The dollar rose to its strongest level in over a month versus its counterparts after jobless claims fell to the lowest level in eight years, indicating that the U.S. jobs market is improving.
The euro remained slightly unchanged at $1.3467 after earlier declining to $1.3438, its weakest level since November 21. The euro advanced 0.4 percent to trade at 137.12 yen, while the dollar appreciated 0.3 percent to 101.82 yen and hit 101.86, its strongest level since July 9. The euro got its boost from data that showed that manufacturing activity unexpectedly surged in July.
“Recent U.S. data has been consistent with the view that the U.S. is recovering nicely,” Mark McCormick, a New York-based macro strategist at Credit Agricole SA, told Bloomberg. “The macro story is still supportive of a dollar rally in the second half. We look for the dollar to gather momentum once we hit September, so not sure if this mini-rally has legs.”
The euro rose after Markit Economics reported that its euro area manufacturing index grew to 51.8 in July compared with 51.8 in June. This exceeded the median estimate of 51.7 projected by economists in a Bloomberg News survey. U.S. unemployment claims contracted by 19,000 to 284,000 for the week through July 19, the lowest since February 2006, reported the Washington-based Labor Department.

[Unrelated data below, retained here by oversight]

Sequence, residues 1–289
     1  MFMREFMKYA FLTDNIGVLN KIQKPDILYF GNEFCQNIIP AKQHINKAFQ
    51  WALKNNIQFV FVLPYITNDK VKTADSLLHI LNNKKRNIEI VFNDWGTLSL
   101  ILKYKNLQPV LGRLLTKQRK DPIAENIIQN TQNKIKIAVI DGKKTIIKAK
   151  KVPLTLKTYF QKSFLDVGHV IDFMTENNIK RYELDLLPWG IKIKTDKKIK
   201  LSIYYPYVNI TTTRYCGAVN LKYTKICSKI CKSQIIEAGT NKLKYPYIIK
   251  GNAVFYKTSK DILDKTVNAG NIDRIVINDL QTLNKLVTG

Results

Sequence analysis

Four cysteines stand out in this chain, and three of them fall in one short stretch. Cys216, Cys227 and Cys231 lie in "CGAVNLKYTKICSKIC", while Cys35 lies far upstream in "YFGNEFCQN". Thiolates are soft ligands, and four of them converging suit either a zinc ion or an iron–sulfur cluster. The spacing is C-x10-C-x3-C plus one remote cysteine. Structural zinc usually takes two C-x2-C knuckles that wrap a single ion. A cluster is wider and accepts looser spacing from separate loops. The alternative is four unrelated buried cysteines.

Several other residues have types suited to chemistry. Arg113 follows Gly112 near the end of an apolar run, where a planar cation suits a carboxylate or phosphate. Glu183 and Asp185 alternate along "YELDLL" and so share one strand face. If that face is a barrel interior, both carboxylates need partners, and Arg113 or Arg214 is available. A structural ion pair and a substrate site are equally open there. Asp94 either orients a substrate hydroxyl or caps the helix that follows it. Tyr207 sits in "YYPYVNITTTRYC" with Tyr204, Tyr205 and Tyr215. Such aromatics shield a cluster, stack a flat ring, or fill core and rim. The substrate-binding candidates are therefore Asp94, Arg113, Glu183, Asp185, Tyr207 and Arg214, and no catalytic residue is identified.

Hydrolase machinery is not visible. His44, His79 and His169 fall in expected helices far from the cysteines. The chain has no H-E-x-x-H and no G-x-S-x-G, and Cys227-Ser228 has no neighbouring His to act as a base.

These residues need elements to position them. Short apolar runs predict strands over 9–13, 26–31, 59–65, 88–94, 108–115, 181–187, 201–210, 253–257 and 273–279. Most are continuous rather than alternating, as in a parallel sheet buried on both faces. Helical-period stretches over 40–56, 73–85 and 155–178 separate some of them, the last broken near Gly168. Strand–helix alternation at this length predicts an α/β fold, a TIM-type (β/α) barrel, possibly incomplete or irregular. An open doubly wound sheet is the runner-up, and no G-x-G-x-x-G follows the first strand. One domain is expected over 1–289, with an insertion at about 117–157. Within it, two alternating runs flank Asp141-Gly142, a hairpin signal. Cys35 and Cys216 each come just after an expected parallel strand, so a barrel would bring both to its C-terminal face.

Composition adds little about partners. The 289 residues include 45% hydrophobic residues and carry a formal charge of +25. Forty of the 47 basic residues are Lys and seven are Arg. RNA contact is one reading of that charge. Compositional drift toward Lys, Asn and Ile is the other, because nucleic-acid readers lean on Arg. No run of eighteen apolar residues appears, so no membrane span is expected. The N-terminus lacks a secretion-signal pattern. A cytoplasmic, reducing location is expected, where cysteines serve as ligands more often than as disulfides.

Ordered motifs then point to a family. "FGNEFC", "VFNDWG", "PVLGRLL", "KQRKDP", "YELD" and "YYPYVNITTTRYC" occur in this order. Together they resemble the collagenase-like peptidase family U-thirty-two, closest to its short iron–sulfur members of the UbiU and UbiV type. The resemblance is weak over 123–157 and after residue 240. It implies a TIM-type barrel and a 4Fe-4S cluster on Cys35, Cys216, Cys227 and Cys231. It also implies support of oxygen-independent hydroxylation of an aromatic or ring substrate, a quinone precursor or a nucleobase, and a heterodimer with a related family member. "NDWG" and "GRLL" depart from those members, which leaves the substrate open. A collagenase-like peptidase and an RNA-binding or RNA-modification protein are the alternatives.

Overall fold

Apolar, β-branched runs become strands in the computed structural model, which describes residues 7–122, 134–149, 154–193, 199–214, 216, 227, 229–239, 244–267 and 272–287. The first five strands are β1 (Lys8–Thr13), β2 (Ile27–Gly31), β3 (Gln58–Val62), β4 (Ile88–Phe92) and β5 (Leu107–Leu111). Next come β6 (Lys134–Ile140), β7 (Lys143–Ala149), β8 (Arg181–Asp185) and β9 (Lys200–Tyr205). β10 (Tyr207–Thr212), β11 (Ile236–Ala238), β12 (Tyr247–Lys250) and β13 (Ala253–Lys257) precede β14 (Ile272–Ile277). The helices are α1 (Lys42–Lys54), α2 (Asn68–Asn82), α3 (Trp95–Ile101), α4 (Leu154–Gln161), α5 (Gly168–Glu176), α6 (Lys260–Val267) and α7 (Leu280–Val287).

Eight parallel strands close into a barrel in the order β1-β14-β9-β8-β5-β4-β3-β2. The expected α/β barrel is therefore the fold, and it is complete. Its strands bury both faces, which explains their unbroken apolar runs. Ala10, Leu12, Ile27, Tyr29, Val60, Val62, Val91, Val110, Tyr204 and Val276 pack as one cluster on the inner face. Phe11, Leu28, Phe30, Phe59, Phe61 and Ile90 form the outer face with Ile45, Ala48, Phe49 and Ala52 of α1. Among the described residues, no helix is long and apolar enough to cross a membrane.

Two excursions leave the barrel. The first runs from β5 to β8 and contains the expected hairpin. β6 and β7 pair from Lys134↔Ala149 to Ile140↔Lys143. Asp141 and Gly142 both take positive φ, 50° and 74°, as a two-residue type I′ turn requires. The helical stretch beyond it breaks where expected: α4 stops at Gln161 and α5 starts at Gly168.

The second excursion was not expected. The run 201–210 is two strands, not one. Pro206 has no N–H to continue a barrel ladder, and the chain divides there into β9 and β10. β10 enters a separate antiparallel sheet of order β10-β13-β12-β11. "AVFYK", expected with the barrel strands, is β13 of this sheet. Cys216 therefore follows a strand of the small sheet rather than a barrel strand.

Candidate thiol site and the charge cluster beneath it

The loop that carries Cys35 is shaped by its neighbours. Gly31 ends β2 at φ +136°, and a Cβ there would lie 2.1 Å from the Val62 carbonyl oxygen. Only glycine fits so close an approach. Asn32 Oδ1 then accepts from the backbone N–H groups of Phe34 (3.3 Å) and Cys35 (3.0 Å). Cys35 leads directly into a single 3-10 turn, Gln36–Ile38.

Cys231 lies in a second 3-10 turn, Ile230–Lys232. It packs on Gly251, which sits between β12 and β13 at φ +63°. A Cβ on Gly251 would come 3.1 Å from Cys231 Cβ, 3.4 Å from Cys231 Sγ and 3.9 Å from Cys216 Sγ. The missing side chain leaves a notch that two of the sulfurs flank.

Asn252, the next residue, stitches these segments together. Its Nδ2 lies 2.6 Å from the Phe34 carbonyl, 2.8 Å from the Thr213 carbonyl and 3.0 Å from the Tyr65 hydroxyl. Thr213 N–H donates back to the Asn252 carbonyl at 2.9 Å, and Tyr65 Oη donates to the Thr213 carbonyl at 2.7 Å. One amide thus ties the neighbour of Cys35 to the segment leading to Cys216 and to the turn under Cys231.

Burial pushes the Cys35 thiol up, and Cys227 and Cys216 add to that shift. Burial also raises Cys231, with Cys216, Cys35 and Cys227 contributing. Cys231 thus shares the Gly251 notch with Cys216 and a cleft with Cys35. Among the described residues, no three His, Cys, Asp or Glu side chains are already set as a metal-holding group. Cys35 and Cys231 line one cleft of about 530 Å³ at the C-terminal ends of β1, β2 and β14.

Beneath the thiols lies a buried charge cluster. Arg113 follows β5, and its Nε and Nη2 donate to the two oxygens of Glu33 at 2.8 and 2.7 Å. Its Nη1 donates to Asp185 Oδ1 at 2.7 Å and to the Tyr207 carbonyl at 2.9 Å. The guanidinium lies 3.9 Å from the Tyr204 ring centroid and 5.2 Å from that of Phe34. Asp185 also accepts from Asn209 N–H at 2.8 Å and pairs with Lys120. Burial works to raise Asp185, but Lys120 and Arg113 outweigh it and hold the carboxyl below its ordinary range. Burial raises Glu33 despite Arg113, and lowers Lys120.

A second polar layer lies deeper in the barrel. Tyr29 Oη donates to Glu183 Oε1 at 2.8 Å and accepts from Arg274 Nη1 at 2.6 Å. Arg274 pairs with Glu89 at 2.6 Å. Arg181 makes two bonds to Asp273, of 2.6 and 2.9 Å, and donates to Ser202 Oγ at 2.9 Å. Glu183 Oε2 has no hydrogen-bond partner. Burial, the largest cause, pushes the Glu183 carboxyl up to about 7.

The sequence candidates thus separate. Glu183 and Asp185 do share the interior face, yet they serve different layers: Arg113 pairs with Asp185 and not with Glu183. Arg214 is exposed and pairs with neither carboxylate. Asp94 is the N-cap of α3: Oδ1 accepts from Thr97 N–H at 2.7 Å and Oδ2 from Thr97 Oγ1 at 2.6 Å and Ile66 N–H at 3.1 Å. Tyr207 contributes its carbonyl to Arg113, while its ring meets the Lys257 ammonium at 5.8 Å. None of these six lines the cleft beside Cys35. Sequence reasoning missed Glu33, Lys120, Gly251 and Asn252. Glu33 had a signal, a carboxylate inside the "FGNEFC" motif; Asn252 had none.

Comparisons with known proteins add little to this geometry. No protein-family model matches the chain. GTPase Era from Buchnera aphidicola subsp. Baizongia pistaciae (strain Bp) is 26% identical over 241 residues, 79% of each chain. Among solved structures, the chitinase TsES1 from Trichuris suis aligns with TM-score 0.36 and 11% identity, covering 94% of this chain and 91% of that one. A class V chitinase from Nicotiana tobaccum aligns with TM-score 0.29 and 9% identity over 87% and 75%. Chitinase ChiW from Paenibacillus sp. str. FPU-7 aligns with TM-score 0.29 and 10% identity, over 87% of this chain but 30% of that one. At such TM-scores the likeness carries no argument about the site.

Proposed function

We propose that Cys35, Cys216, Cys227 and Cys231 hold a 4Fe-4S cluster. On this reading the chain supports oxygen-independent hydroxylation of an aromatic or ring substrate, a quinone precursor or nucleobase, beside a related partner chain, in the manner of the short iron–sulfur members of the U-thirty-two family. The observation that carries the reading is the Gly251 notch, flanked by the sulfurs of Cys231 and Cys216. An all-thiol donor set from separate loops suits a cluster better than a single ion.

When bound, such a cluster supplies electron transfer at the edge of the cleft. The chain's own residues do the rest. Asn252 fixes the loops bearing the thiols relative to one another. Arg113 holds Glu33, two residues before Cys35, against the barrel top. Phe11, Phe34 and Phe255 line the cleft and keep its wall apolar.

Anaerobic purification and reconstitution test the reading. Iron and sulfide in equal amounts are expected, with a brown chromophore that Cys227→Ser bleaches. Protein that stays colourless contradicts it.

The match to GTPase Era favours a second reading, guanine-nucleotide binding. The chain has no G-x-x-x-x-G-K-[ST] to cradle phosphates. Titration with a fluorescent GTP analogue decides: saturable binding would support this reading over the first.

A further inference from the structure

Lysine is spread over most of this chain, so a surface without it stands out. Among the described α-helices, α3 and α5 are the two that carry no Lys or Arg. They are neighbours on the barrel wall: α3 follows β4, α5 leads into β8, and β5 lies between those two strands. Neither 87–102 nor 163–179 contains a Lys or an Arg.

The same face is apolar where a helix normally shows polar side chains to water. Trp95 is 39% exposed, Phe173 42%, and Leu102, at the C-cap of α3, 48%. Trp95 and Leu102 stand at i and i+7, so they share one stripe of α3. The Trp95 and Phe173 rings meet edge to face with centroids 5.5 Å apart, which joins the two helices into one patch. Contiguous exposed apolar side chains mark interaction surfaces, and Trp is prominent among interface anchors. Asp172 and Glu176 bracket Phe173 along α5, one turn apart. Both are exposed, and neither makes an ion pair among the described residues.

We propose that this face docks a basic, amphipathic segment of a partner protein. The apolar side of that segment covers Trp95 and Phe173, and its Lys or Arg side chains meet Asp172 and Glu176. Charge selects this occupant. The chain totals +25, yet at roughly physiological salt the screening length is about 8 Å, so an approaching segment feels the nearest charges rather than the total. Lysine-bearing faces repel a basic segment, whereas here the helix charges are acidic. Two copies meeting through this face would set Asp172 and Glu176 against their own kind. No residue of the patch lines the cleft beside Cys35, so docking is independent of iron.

Meanwhile, the New Zealand dollar retreated more than 0.9 percent against its counterparts after the Reserve Bank of New Zealand Governor Graeme Wheeler disclosed that the currency’s level is “unjustified and unsustainable”. The kiwi fell 1.4 percent to trade at 85.77 U.S. cents after earlier declining 1.5 percent, the most since October 23. It also hit 85.68 cents, the weakest level since June 12. To register for a free 2-week subscription to ForexMinute Premium Plan, visit www.forexminute.com/newsletter.
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